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What is Lev Tahor, the Jewish ultra-Orthodox sect accused of human trafficking and sexual abuse in Mexico

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The Mexican police operation that rescued a group of children and adolescents in a Lev Tahor camp in the middle of the jungle in the state of Chiapas once again generated serious questions about this ultra-Orthodox Jewish group, whose members have been called the “Jewish Taliban” because their women wear black clothes from head to toe.

However, the controversy surrounding this religious group, established in Latin American countries such as Mexico and Guatemalagoes far beyond his ultra-conservative dress.

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A federal judge in Mexico has ordered the arrest of several leaders of the group, whose camp is located about 17 kilometers north of the city of Tapachula, on suspicion of involvement in child abuse, after an investigation carried out by the Deputy Attorney General’s Office Specialized in Organized Crime Investigation.

As the BBC journalist Raffi Berg recalls, a case of the kidnapping of two minors in 2018 -who were taken to New York by their mother after escaping from the community settled in Guatemala- ended with nine members of Lev Tahor accused and four of they –including the son of the sect’s founder and current leaderNachman Helbrans- in prison.

The minors, kidnapped in the United States, were rescued in January 2019 in Mexico. Nachman Helbrans is the brother of the children’s mother.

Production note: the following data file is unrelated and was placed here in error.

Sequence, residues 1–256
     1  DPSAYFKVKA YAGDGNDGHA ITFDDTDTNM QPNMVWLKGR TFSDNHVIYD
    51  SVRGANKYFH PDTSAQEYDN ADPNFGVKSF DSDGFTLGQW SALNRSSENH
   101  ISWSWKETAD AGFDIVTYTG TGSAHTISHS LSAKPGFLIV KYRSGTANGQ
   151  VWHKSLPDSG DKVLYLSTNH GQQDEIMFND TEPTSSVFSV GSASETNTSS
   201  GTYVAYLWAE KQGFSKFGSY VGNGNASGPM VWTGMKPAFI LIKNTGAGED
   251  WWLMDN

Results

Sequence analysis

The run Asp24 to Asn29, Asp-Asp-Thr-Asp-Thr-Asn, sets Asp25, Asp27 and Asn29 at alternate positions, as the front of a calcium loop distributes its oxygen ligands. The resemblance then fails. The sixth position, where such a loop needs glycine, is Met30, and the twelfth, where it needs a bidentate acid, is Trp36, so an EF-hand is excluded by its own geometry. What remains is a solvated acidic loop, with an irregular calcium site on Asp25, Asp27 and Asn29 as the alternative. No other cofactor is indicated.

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At that time, BBC Mundo managed to gain exclusive access to this community in Guatemala and one of its members spoke for the first time about this and other cases in which they have been involved, alleging that Lev Tahor suffers from “political persecution, due to his ideals”.

“The community has been accused of kidnapping, but at no time has this been real,” said Guatemalan doctor Obadia Guzmán, on behalf of the 350 people who lived in Santa Rosa, in the southeast of the Central American country.

But, as the BBC Mundo journalist Ana Gabriela Rojas pointed out, since its creation in the 1980s in Israel, “this ultra-Orthodox Jewish group has passed through the United States, Canada, Mexico and Guatemala, and its passage through these countries has been marked by kidnapping scandals, child marriages or child abuse.